# How do you find vertical, horizontal and oblique asymptotes for #f(x) = (3x^2+2x-1)/( x^2-4)#?

The denominator of f(x) cannot be zero as this would make f(x) undefined. Equating the denominator to zero and solving gives the values that x cannot be and if the numerator is non-zero for these values then they are vertical asymptotes.

Oblique asymptotes occur when the degree of the numerator > degree of the denominator. This is not the case here ( both degree 2) hence there are no oblique asymptotes. graph{(3x^2+2x-1)/(x^2-4) [-10, 10, -5, 5]}

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To find the vertical asymptotes, factor the denominator and identify any values of ( x ) that make the denominator zero. These values represent vertical asymptotes.

To find horizontal asymptotes:

- If the degree of the numerator is less than the degree of the denominator, the horizontal asymptote is ( y = 0 ).
- If the degree of the numerator is equal to the degree of the denominator, divide the leading coefficients to find the horizontal asymptote.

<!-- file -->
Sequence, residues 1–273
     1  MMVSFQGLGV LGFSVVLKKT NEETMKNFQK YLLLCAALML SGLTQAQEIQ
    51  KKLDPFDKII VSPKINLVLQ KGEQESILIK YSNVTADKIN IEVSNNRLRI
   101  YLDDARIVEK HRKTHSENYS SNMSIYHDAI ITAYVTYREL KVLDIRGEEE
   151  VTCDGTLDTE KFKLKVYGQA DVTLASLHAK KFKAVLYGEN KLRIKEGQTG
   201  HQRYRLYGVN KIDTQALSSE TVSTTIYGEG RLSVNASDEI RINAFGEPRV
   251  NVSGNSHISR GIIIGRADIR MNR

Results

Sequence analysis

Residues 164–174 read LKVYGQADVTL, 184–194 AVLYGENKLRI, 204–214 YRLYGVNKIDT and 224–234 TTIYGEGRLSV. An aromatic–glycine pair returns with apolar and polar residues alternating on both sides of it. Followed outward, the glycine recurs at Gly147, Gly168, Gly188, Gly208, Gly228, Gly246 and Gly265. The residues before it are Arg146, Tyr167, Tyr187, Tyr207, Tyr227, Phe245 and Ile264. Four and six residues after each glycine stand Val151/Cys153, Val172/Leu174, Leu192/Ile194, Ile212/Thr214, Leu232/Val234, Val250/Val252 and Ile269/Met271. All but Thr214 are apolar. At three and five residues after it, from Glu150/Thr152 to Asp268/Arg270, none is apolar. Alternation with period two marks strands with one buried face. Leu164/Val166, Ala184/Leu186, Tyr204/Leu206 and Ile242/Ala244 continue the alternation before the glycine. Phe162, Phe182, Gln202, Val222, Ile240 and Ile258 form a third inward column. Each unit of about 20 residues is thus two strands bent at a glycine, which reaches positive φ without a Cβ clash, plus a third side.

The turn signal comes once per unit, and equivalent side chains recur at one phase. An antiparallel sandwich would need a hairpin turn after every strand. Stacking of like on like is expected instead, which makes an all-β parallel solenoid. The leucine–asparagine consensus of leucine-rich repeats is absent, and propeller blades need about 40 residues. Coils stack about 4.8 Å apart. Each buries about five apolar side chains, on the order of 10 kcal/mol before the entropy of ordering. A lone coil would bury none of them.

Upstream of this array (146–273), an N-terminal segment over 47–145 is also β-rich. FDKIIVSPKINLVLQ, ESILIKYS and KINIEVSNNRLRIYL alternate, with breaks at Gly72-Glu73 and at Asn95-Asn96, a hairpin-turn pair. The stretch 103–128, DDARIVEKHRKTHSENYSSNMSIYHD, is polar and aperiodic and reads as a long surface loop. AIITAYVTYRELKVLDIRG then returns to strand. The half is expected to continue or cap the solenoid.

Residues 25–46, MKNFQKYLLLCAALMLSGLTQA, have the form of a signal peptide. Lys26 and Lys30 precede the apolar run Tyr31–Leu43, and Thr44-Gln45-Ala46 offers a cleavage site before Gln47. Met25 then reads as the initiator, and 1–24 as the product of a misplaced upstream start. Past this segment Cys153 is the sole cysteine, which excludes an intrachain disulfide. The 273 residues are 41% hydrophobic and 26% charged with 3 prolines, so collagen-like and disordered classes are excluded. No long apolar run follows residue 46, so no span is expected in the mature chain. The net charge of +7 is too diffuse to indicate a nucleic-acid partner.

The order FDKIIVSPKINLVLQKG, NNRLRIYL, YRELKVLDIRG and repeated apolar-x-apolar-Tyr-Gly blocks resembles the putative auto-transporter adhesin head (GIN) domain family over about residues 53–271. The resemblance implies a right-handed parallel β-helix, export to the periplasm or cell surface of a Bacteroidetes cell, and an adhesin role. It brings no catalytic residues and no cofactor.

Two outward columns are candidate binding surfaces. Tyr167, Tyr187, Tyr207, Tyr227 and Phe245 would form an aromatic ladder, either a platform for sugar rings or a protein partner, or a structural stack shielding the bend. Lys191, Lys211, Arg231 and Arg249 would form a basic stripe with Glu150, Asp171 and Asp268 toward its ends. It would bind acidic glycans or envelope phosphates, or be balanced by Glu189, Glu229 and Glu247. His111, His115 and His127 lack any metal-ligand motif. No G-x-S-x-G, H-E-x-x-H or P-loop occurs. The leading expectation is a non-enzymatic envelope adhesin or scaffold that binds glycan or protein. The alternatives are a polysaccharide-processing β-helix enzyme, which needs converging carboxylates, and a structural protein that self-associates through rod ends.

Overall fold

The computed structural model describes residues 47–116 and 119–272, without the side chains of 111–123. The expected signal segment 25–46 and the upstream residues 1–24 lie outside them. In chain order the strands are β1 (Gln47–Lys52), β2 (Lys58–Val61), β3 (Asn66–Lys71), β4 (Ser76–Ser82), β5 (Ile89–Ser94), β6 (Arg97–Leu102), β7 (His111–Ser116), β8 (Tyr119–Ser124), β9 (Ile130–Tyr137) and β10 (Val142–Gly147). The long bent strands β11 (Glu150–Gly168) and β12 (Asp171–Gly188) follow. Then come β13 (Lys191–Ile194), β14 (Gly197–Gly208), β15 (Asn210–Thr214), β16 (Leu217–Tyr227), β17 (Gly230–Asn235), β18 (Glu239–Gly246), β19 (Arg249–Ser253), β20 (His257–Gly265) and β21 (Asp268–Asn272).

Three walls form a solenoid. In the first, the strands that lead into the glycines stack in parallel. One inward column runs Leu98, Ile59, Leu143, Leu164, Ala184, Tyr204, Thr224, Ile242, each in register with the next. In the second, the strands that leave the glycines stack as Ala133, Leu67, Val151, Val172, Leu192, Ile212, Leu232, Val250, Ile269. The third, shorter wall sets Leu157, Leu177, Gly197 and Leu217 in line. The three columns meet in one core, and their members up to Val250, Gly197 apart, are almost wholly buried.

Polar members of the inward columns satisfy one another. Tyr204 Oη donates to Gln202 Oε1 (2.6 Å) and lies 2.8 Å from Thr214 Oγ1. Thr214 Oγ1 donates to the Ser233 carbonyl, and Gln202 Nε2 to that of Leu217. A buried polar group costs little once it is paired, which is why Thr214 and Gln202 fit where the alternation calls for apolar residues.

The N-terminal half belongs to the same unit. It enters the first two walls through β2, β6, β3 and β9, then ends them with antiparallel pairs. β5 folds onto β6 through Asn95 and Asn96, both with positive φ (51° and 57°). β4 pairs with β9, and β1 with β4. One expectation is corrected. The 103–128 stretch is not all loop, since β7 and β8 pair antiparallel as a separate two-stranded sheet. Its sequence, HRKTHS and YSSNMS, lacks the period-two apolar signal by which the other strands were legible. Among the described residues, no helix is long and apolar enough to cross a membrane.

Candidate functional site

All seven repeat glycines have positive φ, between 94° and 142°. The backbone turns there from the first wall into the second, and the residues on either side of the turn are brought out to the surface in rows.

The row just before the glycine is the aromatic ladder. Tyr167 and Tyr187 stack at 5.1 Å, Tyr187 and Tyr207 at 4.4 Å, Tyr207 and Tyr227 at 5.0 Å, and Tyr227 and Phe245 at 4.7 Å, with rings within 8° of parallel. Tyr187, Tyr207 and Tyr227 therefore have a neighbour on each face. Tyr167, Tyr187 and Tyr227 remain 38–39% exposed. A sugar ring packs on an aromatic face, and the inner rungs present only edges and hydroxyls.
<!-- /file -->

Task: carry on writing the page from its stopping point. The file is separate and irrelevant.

- If the degree of the numerator is greater than the degree of the denominator, there is no horizontal asymptote.

To find oblique asymptotes (slant asymptotes), perform polynomial long division or synthetic division to divide the numerator by the denominator. The quotient represents the equation of the oblique asymptote. If the degree of the numerator is greater than the degree of the denominator by exactly one, there is an oblique asymptote.

For the given function ( f(x) = \frac{{3x^2+2x-1}}{{x^2-4}} ):

- Vertical asymptotes occur where the denominator equals zero, so ( x = 2 ) and ( x = -2 ).
- There's no horizontal asymptote because the degree of the numerator is greater than the degree of the denominator.
- To find the oblique asymptote, perform polynomial division: ( (3x^2 + 2x - 1) \div (x^2 - 4) ). The quotient represents the equation of the oblique asymptote.

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When evaluating a one-sided limit, you need to be careful when a quantity is approaching zero since its sign is different depending on which way it is approaching zero from. Let us look at some examples.

When evaluating a one-sided limit, you need to be careful when a quantity is approaching zero since its sign is different depending on which way it is approaching zero from. Let us look at some examples.

When evaluating a one-sided limit, you need to be careful when a quantity is approaching zero since its sign is different depending on which way it is approaching zero from. Let us look at some examples.

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